Conservation of the Radstock Jubilee Drum
The Conservation and Museums Advisory Service (CMAS) is based at the Wiltshire and Swindon History Centre in Chippenham. We preserve the Wiltshire and Swindon Archives and provide support to museums, heritage organisations and individuals to care for and conserve historic collections and meet professional standards.
According to the UK’s professional conservation body the Institute of Conservation:
‘The purpose of all conservation is to facilitate the public’s access to and enjoyment of our cultural heritage. It helps us understand ourselves and our future by preserving our past.’
So, when a marching band drum from Radstock Museum recently came into the object conservation studio at CMAS, we had to think about how to preserve the history of the object in the best way.
The drum was from the Radstock Jubilee and much of the original paint had cracked and lifted from the surface. There were already large areas of loss, but the main text on the drum remained. It was not the intention for the drum to be used again, instead the Museum planned to place it on display. In discuss with the Museum it was decided that it would be most ethically appropriate to preserve the remaining paint to show the history and use of the object.
Before we could even clean the drum, the paint needed to be tackled. Any cleaning could have removed more of the original paint. The condition of the paint layer could have been caused by a number of factors:
• Environmental conditions, the wood warps or shrinks when exposed to high or low humidity
• The natural aging of the wood and paint
We preserve the paint by ‘consolidating’. This is a process where we reattach loose or lifting sections of paint in their original locations using an adhesive. This means we need to get the adhesive underneath the paint layer and then try to flatten it back on to the surface so its bonded successfully. A fluid adhesive was injected behind the paint layer and allowed to dry. To bond the paint layer with the wooden surface a heated spatula was used. When the heated spatula is applied to the paint layer (a protective membrane used in between the spatula and original paint just in case) it reactivates the adhesive. The pressure applied causes the paint to flatten and bond to the wooden surface.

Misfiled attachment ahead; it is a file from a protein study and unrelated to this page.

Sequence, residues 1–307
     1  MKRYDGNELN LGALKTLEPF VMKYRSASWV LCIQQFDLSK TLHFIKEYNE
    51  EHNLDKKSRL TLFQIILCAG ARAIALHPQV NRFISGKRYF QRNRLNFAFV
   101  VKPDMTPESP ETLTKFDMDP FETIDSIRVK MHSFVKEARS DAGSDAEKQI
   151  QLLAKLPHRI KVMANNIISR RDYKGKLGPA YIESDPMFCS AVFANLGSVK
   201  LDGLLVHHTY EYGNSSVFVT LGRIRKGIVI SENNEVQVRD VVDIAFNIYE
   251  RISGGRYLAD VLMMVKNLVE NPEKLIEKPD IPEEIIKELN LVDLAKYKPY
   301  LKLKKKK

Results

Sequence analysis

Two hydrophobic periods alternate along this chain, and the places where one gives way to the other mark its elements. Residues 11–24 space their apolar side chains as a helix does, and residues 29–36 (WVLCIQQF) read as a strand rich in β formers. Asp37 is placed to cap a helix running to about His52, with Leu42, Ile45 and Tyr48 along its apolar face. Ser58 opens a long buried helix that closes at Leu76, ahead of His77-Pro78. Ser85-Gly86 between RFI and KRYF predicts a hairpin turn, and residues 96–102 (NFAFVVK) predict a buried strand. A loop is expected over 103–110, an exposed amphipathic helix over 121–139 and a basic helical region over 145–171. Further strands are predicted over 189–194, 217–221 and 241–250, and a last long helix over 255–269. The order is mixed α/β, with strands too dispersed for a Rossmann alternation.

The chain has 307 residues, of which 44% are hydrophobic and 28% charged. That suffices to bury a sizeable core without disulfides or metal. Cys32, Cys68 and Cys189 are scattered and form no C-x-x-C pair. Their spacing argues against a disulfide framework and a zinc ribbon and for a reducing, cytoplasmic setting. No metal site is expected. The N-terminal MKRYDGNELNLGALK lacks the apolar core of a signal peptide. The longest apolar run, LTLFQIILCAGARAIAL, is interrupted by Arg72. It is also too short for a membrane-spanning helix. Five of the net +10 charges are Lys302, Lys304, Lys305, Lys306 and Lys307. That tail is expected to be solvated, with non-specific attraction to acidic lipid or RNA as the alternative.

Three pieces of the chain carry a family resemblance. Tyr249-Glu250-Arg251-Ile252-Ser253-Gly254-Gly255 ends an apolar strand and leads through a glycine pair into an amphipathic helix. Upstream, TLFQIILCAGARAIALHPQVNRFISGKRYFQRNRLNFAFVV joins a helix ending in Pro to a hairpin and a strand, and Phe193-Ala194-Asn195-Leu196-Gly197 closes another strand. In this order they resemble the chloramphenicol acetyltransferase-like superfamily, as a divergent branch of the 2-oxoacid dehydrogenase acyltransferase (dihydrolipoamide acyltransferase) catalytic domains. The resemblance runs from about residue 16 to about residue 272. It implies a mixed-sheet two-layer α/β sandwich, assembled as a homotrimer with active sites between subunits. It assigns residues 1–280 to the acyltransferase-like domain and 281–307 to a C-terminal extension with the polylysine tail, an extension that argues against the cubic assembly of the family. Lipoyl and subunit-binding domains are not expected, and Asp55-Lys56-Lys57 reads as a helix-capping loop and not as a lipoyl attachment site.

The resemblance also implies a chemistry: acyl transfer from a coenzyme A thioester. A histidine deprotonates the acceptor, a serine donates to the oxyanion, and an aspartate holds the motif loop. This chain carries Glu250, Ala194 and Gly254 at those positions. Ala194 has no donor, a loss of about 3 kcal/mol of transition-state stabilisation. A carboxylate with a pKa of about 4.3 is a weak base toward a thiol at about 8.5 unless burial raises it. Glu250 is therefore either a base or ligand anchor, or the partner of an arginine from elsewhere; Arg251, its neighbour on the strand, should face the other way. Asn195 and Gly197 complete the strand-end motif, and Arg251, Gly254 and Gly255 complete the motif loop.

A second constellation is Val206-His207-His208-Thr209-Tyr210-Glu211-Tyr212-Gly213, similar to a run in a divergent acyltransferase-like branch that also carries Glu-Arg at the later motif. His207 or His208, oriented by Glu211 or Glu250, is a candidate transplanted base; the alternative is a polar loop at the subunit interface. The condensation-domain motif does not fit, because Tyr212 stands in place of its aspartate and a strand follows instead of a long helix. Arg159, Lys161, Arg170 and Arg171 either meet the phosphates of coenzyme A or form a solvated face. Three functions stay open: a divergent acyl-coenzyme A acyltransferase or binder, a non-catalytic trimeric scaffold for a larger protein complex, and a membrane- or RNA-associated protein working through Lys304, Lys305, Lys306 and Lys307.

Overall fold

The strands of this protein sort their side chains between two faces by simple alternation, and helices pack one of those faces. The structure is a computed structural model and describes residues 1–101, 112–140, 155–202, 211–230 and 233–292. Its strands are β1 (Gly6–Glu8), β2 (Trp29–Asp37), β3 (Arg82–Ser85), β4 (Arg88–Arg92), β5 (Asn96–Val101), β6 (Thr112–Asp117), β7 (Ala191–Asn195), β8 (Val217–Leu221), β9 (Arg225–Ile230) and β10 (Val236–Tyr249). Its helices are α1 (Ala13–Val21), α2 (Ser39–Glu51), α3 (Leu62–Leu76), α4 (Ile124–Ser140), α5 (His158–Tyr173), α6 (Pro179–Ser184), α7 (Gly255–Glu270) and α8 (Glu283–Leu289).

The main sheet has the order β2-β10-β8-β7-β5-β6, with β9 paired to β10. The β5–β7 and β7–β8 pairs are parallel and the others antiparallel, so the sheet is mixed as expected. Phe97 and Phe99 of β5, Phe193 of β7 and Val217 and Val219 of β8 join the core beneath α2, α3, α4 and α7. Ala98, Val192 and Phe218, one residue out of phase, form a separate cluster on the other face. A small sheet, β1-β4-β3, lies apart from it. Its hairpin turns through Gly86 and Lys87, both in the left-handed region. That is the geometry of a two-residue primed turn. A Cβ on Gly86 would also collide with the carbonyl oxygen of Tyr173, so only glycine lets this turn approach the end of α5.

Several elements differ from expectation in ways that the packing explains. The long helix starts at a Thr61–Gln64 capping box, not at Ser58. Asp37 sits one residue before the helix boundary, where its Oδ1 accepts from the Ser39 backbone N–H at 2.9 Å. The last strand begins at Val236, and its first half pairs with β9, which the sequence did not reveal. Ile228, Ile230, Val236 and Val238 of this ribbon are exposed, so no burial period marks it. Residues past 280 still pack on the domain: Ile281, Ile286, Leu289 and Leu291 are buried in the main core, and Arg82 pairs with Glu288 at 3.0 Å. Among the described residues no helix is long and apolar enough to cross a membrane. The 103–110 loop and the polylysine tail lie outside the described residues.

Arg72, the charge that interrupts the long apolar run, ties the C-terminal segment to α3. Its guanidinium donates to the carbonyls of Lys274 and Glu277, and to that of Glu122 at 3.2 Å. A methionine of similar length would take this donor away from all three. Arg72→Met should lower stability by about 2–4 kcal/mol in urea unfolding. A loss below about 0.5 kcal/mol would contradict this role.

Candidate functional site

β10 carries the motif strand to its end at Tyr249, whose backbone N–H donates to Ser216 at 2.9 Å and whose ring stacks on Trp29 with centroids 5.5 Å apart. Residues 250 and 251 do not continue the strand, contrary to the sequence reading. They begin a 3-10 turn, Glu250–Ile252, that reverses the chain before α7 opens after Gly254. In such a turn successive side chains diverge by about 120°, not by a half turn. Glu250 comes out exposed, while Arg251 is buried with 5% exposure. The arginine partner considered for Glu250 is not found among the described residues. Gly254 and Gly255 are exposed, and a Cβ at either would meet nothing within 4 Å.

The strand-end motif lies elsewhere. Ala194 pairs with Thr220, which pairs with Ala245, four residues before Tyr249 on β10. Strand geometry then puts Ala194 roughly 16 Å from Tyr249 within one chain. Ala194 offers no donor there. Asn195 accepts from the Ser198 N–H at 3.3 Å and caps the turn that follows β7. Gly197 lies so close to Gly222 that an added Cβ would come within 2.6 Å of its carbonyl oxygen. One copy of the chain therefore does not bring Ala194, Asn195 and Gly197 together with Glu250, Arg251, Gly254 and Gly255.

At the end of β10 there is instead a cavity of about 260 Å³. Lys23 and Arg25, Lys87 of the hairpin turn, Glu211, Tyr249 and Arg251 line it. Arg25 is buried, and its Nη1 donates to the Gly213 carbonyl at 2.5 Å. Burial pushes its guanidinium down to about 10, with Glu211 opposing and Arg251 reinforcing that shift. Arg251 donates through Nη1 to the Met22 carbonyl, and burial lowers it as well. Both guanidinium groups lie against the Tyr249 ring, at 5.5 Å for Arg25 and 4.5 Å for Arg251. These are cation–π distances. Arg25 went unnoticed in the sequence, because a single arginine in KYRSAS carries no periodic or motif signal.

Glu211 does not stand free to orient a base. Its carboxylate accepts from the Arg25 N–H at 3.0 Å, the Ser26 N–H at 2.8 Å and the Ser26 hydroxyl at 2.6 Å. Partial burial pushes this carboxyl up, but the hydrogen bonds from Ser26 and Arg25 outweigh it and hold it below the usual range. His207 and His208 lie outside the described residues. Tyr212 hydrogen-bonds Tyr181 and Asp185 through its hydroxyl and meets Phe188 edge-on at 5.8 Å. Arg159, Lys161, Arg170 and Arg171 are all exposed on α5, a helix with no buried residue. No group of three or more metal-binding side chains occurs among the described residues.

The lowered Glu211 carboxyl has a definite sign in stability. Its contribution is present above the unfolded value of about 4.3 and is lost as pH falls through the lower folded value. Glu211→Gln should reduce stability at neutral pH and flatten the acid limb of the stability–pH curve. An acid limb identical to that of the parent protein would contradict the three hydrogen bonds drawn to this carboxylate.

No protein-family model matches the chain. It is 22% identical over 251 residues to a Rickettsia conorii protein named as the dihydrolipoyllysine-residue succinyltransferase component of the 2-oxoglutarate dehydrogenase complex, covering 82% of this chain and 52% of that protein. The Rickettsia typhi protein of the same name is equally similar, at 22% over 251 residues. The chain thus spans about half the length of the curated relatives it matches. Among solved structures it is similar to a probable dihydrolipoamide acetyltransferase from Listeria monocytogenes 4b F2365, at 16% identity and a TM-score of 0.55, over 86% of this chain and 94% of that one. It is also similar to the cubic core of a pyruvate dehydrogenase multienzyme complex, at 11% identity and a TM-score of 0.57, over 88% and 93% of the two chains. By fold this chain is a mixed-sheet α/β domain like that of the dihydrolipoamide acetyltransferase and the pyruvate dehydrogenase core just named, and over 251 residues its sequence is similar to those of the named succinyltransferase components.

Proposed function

We carried out tests on the painted surface to ensure that we selected a solvent that would not remove any of the original paint during cleaning. The painted surface could then be cleaned using cotton wool swabs and the chosen solvent, removing any excess adhesive. The rest of the surface was dry cleaned using a soft brush and museum vacuum.
With the treatment complete the object was ready to go back on display.
Kayleigh Spring, Object Conservator
- Tags: adhesive, CMAS, conservation, Conservation and Museums Advisory Service, cultural heritage, heated spatula, Institute of Conservation, marching band, museum vacuum, paint, Radstock, Radstock Jubilee Drum, Radstock Museum, solvent, Wiltshire and Swindon Archives, Wiltshire and Swindon History Centre